The Benefits of Environmental Enrichment for Laboratory Mice


The Benefits of Environmental Enrichment for Laboratory Mice The natural behavior of mice includes burrowing, foraging, exploring, gnawing, and nest building. These behaviors are essential to the well-being of the animal, and if prevented from performing these activities mice may engage in non-productive repetitive behaviors1,2. Prevention from responding to their natural inclinations could result in undue stress for the animal, possibly impacting their health and increasing stress-related hormone levels. Due to their importance in maintaining the health and well-being of laboratory rodents, many Institutional Animal Care and Use Committees (IACUCs) require provision of one or more enrichment items unless an exception is approved for scientific reasons, or veterinary staff advise against provision for clinical reasons. However, researchers often have the option to choose enrichment items for cages.

This Taconic Insight will offer a brief review of the importance of enrichment and what forms are most common for laboratory mice and rats.

What is Enrichment?

Laboratory mice and rats that are kept in cages without proper sensory and motor stimulation cannot exhibit species-specific behaviors such as foraging, exploring, hiding, and building. It is for this reason that environmental enrichment products were created — to encourage the inherent behaviors of mice that do not have access to the natural environment.

According to the Guide for the Care and Use of Laboratory Animals, there are key features that contribute to environmental enrichment3,4:

  • Group housing of compatible animals
  • Providing animals with sensory and motor stimulation
  • Promoting species-specific behaviors
  • Providing animals with a means for control over their environment (e.g., nest-building materials, hiding places)
  • Novel items (e.g., toys, special food treats)
  • Opportunity for exercise (e.g., running wheels, climbing structures)
Due to the constraints of cage size, toys and exercise equipment may not be available to mice. However, the addition of cardboard houses, plastic tubes, and/or shredded paper serve as environmental enrichment and allow for natural hiding, burrowing and nesting behavior. Mice are usually housed in groups of compatible individuals after weaning to encourage social interactions and maintain their well-being.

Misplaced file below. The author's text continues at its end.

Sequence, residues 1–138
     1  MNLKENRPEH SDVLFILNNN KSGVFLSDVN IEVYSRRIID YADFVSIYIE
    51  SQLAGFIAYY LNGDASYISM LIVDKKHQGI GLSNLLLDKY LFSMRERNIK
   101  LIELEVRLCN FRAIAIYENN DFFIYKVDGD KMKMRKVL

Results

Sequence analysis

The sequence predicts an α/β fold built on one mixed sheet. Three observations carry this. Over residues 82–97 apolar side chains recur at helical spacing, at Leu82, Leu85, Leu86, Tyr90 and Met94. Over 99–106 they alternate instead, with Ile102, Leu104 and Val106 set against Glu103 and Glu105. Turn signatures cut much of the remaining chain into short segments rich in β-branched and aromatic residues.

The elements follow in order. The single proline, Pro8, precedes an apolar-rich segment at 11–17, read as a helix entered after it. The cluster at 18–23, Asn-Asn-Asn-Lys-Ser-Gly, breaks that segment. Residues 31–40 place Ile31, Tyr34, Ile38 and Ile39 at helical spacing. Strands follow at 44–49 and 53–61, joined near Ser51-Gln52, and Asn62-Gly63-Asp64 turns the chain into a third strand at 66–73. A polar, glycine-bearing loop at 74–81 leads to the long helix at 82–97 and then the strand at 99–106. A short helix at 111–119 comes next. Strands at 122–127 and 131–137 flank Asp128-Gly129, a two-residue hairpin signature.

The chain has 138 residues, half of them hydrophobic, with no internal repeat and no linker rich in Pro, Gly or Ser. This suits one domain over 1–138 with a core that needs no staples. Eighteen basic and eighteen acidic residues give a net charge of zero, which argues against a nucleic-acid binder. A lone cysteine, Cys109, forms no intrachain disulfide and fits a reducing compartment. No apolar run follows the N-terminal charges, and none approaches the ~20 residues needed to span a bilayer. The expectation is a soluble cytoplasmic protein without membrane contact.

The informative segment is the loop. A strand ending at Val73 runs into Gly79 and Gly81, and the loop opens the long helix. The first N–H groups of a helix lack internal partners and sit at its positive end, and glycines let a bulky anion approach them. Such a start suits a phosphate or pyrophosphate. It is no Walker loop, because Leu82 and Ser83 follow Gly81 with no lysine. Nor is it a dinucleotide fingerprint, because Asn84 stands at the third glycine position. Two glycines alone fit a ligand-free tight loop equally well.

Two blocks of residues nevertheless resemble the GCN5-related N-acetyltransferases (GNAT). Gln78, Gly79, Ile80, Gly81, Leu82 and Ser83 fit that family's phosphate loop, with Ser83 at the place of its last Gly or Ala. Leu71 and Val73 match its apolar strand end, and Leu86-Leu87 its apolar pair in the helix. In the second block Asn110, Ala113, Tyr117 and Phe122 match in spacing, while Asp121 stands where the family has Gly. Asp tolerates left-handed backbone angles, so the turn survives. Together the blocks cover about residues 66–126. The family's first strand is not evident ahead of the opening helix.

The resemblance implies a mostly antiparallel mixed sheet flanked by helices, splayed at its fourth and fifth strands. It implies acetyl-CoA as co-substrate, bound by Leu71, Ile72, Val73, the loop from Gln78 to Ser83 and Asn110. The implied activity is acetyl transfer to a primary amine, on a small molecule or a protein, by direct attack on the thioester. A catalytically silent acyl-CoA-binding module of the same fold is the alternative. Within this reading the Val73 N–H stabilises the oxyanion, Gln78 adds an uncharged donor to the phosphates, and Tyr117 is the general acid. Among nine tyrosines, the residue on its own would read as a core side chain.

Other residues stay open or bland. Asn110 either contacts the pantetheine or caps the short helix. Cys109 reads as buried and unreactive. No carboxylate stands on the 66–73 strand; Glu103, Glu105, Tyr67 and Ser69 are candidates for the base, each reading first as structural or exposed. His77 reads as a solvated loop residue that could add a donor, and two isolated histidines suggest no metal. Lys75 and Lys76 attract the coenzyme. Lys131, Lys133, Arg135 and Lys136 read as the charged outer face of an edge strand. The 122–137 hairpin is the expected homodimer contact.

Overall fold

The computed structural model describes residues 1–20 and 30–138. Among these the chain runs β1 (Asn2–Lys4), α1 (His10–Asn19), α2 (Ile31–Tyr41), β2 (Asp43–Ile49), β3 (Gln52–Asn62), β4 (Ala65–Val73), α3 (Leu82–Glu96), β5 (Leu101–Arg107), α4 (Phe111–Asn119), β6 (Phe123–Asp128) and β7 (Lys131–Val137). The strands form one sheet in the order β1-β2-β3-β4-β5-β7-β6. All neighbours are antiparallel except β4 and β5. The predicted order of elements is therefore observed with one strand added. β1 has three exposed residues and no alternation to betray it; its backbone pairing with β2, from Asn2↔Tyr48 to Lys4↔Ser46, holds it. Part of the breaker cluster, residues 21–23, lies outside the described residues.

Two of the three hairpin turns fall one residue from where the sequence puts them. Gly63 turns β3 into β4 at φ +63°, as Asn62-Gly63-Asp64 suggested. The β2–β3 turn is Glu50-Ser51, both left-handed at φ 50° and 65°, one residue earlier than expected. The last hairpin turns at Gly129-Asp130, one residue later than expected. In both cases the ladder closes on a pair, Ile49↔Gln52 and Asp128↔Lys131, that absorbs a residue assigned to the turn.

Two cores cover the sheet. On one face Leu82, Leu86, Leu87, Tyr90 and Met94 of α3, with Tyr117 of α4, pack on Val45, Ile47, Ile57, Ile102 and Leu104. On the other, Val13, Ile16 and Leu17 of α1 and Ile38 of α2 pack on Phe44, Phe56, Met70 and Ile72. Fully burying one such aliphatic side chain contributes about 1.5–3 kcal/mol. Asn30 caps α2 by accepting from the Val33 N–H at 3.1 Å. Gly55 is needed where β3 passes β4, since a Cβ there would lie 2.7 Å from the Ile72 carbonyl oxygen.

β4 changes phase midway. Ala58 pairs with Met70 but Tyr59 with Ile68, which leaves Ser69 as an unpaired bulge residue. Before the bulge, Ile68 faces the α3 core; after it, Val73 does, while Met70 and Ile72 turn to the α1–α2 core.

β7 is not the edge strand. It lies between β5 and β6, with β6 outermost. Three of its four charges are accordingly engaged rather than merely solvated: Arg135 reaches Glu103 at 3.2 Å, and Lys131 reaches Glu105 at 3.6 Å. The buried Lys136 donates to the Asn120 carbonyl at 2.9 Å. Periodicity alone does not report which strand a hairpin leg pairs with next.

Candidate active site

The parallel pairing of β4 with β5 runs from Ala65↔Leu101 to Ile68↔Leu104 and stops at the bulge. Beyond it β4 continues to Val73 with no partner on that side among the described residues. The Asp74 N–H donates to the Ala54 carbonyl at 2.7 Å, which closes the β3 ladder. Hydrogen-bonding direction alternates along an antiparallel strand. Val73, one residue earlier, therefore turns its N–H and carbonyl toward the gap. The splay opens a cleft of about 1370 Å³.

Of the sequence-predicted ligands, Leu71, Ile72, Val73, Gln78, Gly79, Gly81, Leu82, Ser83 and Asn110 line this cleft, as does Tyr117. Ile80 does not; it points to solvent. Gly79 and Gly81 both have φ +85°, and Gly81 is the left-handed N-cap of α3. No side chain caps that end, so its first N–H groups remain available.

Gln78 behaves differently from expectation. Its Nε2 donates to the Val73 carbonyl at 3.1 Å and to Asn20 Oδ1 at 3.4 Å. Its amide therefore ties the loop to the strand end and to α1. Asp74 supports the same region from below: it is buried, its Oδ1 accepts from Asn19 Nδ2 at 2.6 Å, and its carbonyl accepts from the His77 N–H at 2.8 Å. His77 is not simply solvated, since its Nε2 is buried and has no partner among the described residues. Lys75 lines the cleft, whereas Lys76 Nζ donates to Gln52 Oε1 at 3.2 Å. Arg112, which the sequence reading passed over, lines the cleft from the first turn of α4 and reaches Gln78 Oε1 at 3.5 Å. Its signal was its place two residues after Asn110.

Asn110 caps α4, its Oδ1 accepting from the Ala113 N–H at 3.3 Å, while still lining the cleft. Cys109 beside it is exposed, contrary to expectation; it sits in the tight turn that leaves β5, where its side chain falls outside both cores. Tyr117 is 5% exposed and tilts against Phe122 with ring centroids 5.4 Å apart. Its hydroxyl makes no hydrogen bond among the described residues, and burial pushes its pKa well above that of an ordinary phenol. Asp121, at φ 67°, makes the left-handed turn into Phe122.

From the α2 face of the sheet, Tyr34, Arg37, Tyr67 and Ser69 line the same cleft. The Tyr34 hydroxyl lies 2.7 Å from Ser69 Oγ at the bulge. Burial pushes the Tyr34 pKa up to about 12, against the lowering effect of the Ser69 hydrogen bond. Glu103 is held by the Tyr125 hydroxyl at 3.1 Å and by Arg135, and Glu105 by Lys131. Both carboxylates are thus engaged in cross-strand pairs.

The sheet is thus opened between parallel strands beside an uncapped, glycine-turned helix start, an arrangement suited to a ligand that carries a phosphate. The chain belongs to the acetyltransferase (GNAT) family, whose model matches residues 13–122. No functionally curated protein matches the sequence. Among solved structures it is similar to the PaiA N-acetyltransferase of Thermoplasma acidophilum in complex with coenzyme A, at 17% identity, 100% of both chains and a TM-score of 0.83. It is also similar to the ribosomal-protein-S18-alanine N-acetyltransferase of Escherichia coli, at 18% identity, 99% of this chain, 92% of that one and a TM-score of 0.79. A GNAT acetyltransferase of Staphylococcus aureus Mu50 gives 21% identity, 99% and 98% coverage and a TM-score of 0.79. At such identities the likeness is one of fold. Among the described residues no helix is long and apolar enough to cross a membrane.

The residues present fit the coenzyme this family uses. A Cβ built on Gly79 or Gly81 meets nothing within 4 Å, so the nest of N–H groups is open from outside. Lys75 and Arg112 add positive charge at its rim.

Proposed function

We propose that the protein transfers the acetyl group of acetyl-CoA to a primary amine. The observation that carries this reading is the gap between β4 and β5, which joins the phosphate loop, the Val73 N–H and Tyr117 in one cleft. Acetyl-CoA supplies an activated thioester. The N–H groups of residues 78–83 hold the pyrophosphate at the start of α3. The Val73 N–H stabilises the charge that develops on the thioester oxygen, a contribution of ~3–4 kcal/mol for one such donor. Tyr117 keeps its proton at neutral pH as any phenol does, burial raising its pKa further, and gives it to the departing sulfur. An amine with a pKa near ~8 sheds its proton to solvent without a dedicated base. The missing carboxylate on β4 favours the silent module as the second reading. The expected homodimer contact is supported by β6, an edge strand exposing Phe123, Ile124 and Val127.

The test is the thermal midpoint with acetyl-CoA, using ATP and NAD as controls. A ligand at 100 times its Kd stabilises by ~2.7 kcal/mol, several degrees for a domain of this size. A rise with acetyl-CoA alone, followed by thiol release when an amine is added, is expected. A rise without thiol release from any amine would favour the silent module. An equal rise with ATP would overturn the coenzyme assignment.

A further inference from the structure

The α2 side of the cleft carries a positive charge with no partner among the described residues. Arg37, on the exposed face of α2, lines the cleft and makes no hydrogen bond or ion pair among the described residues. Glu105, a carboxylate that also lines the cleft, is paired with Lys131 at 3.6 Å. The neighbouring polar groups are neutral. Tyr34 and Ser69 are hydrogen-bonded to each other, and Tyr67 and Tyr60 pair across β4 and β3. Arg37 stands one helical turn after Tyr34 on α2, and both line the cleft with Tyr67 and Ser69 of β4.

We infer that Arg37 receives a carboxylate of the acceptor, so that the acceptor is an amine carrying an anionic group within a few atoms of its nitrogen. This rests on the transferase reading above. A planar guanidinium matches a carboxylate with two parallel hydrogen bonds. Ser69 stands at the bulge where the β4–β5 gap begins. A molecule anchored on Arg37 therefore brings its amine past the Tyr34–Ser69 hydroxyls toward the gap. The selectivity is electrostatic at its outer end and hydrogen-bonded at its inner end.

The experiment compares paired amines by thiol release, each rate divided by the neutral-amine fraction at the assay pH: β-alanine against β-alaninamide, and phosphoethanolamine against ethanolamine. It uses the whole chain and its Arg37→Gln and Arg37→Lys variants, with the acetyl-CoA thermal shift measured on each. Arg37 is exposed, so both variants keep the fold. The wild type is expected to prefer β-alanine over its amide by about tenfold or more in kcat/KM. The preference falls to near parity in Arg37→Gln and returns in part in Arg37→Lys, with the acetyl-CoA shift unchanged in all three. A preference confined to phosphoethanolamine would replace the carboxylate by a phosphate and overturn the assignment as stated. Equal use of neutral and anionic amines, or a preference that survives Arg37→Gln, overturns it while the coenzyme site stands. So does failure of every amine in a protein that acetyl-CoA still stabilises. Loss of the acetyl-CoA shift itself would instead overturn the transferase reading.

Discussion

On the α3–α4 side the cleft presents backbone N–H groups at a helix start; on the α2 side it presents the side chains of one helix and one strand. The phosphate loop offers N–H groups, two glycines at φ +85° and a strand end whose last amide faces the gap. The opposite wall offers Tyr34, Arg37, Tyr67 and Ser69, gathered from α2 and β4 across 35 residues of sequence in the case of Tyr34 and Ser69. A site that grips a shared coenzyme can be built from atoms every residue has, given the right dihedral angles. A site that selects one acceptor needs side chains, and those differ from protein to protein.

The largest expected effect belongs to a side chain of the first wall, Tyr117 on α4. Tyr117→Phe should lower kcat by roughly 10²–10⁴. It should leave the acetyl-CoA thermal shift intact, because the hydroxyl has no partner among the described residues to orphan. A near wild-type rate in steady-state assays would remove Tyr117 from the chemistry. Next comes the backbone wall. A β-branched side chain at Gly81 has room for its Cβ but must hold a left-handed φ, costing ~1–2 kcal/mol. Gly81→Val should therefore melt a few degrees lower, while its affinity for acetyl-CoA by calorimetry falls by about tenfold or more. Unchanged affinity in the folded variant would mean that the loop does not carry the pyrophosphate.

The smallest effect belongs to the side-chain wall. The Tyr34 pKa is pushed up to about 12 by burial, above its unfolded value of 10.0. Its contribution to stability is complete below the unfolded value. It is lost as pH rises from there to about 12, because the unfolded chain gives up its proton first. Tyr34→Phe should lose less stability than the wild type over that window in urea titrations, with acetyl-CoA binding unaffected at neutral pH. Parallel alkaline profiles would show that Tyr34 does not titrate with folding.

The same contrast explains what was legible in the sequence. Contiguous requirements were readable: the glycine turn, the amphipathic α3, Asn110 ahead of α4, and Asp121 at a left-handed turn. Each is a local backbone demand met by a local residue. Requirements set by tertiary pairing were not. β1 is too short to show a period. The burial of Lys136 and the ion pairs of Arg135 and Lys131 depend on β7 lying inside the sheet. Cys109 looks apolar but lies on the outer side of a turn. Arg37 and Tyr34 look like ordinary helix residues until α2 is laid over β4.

Products Available for Environmental Enrichment

Hiding Structures

Hiding Structures
Source: Shepherd Specialty Papers
Hiding places in the form of disposable igloos or homes are commonly used forms of cage enrichment. Mice are naturally burrowing creatures, and providing them with areas where they can hide from view is essential to their well-being. This is especially relevant when co-housed with other mice as well as when housed in clear-sided cages. One example product are Shepherd Shacks which provide a hiding place, climbing structure, and can also be chewed and shredded. An important consideration of using huts/igloos is that these can increase aggression in some groups of animals due to resource hoarding, especially in lines prone to aggression.

Cardboard tunnels offer the opportunity for hiding, gnawing and shredding, while plastic tunnels are autoclavable, reusable and mainly used for hiding/sheltering and play.

Toys and Equipment

Toys and Equipment
Source: Bio-Serv
Depending on the size of the cage, toys such as spinning wheels or swings may be added to stimulate movement and exercise. Some spinning wheels may require cages large enough to accommodate the structure; but once in place, allow for exercise and entertainment for the group of mice.

Bedding and Nesting Material

Bedding and Nesting Material
Source: Andersons Lab Bedding
With regards to bedding, most standard cages contain wood, paper, or corn cob-based bedding. It is important to remember, however, that many conventional types of bedding material do not allow rodents to express nesting behavior when used alone since they cannot be used to build nests. Bedding types such as Alpha-Dri Plus contain mini paper twists which provide nesting material that is beneficial to the mice. The Bed-r'Nest, which comes pre-packaged in 4 grams or 8 grams sizes, is designed to resemble thin strands or grass similar to those found in nature. It is easy to dispense, dust-free, and provides adequate thermoregulation once shredded apart. Compressed cotton nesting squares are another commonly used form of nesting material.

Chewing Implements

Additionally, wooden chew sticks or nylon bones can be used as a beneficial form of enrichment for laboratory mice. Gnawing is not just natural behavior, but rather an essential process for dulling the animal's teeth. If they are not worn down, rodent teeth will eventually become overgrown. Therefore, items such as chew sticks, in addition to other sources of enrichment present, are essential for maintaining proper health of all laboratory rodents.

References:
1. Bailoo, J. D.; Murphy, E.; Boada-Saña, M.; Varholick, J. A.; Hintze, S.; Baussière, C.; Hahn, K. C.; Göpfert, C.; Palme, R.; Voelkl, B.; et al. Effects of Cage Enrichment on Behavior, Welfare and Outcome Variability in Female Mice. Frontiers in Behavioral Neuroscience. 2018, p 232.
2. Clipperton-Allen, A. E.; Page, D. T. Decreased Aggression and Increased Repetitive Behavior in Pten Haploinsufficient Mice. Genes, Brain Behav. 2015, 14, 145-157.
3. IACUC Policy on Animal Housing and Enrichment. Accessed: May 1, 2019.
4. Committee for the Update of the Guide for the Care and Use of Laboratory Animals; National Research Council. Guide for the Care and Use of Laboratory Animals: Eighth Edition; 2010.